Investigators: Thanh Helen Nguyen PhD, U of I; Ahmed Elbanna, U of I; Art Schmidt, U of I; Joanna Shisler, U of I; and John Farrell, OSF HealthCare

New COVID-19 variants spread faster and have evaded some the vaccine-induced protective immune response in the UK and other countries. To determine whether these factors will influence the level of infection and diversity of variants in areas that lack frequent testing, this project will collect and monitor the levels and genotypes of the virus in sewage collected at selected neighborhoods. The goal is to help public health officials prepare for increased burdens on health care facilities and workers.

How to design and operate end-to-end vaccine deployment using social media, addressing supply chain allocations constraints and utilizing telemedicine

Investigators: Anton Ivanov, PhD, U of I; Subhonmesh Bose, PhD, U of I; Albert England III, MD, FIDSA, U of I, UICOMP, OSF HealthCare; Ashen Eren Mehmet, PhD, U of I; Ujjal Mukherjee, PhD, U of I; Sridhar Seshadri, U of I; Sebastian Souyris, Postdoctoral Fellow, U of I; and Yuqian Xu, PhD, U of I

This idea aims to provide a comprehensive vaccine deployment strategy using data analytic frameworks. These frameworks will (1) shape population attitudes towards vaccination by reducing their uncertainty via social media channels, (2) provide a dynamic inventory management tool for perishable or sensitive goods, and (3) develop telemedicine-based solutions for convenient and sufficient post-vaccination patient support.

Building a motivational, interviewing conversational agent (MintBot) for promoting COVID-19 vaccination among people with multiple sclerosis

Investigators: Jessie Chin, PhD, U of I; Suma Bhat, PhD, U of I; Chung-Yi Chiu, PhD, U of I; Jared Rogers, MD, OSF HealthCare; and Brian Laird, PharmD, OSF HealthCare

Individuals with multiple sclerosis are likely to be hesitant to get the COVID-19 vaccine due to their compromised health condition. This concept aims to develop an accessible, generalizable and efficient digital health solution for promoting COVID-19 vaccination among vulnerable populations, such as people with disabilities.

Partners in Jump ARCHES

OSF HealthCare is an integrated health system owned and operated by The Sisters of the Third Order of St. Francis, Peoria, Illinois. OSF HealthCare employs more than 23,600 Mission Partners in 147 locations, including 14 hospitals – 10 acute care, four critical access – with 2,097 licensed beds, and two colleges of nursing throughout Illinois and Michigan. The OSF HealthCare physician network employs more than 1,500 primary care, specialists and advanced practice providers, who are part of the OSF Medical Group. OSF HealthCare, through OSF Home Care Services, operates an extensive network of home health and hospice services. It also owns Pointcore Inc., comprised of health care-related businesses; OSF HealthCare Foundation, the philanthropic arm for the organization; and OSF Ventures, which provides investment capital for promising health care innovation startups.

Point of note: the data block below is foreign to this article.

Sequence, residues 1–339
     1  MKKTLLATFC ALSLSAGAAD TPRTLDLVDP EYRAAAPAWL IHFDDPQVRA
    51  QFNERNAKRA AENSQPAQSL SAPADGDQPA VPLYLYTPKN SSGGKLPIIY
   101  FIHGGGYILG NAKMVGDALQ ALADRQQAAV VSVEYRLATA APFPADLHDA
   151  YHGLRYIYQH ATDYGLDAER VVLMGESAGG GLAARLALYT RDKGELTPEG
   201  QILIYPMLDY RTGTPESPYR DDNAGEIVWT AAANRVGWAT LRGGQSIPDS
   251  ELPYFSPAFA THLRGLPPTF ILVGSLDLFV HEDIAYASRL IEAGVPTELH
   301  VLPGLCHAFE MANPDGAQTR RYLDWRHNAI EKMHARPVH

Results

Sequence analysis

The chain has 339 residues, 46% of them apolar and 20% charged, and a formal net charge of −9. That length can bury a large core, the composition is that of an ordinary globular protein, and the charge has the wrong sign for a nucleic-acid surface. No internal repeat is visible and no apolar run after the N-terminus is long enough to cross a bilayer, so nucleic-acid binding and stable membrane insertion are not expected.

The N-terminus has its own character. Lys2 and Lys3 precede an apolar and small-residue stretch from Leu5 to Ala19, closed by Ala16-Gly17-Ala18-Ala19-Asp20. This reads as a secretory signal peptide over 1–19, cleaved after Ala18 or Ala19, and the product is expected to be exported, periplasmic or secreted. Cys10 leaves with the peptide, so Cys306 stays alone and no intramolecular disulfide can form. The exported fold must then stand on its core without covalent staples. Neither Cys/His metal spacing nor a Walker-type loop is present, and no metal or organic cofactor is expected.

Jump Trading Simulation and Education Center
, a part of OSF Innovation, is a collaboration between University of Illinois College of Medicine at Peoria and OSF HealthCare. Jump replicates a variety of patient care settings to ensure novice and seasoned clinicians can practice handling medical situations in a real-world environment. Boasting six floors and 168,000 square feet, the center is one of the largest of its kind and provides space for conferences, anatomic training, virtual reality and innovation. For more information, visit www.jumpsimulation.org.

University of Illinois College of Medicine Peoria (UICOMP) educates 244 medical students and nearly 300 physician residents annually. The College of Medicine is home to the Cancer Research Center, the Center for Outcomes Research and is a collaborator in Jump Simulation. Learn more about UICOMP at http://peoria.medicine.uic.edu.

Health Care Engineering Systems Center (HCESC) Engineering provides clinical immersion and fosters collaboration between engineers and physicians. HCESC designs collaborative solutions to improve health care outcomes utilizing their expertise in simulation technologies, smart health systems, data analytics, human factors and medical robotics. HCESC partners with Jump in this innovative relationship of Applied Research for Community Health through Engineering and Simulation (ARCHES). HCESC is a research center in The Grainger College of Engineering at the University of Illinois. Learn more about HCESC at https://healtheng.illinois.edu/.

University of Illinois Grainger College of Engineering is one of the world’s top-ranked engineering programs with students, faculty and alumni that set the standard for excellence. The college is focused on driving the economy, reimagining engineering education and bringing revolutionary ideas to the world. They work to solve the world’s greatest challenges and look toward the future to find ways to make the solutions reality. Learn more about the College of Engineering at https://engineering.illinois.edu/.

The Center for Social and Behavioral Science (CSBS) at the University of Illinoiswas created to help address some of the grand challenges facing society that can be answered using the deep social and behavioral science expertise housed at U of I. In particular, the CSBS focuses on three distinct areas: 1) solving poverty, 2) understanding the effect of technology on society and 3) the role of social and behavioral factors in health. More information can be found at https://csbs.research.illinois.edu/.